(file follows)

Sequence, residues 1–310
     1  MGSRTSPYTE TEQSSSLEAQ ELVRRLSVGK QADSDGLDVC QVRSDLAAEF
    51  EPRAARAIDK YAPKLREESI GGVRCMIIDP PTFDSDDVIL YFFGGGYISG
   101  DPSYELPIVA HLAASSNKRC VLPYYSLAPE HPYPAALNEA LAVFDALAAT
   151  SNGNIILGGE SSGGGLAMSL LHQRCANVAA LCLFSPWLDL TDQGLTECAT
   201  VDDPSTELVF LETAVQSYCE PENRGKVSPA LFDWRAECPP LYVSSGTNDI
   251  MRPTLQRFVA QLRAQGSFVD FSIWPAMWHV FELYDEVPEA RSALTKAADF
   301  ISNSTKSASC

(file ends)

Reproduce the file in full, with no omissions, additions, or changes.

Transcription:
Sequence, residues 1–310
     1  MGSRTSPYTE TEQSSSLEAQ ELVRRLSVGK QADSDGLDVC QVRSDLAAEF
    51  EPRAARAIDK YAPKLREESI GGVRCMIIDP PTFDSDDVIL YFFGGGYISG
   101  DPSYELPIVA HLAASSNKRC VLPYYSLAPE HPYPAALNEA LAVFDALAAT
   151  SNGNIILGGE SSGGGLAMSL LHQRCANVAA LCLFSPWLDL TDQGLTECAT
   201  VDDPSTELVF LETAVQSYCE PENRGKVSPA LFDWRAECPP LYVSSGTNDI
   251  MRPTLQRFVA QLRAQGSFVD FSIWPAMWHV FELYDEVPEA RSALTKAADF
   301  ISNSTKSASC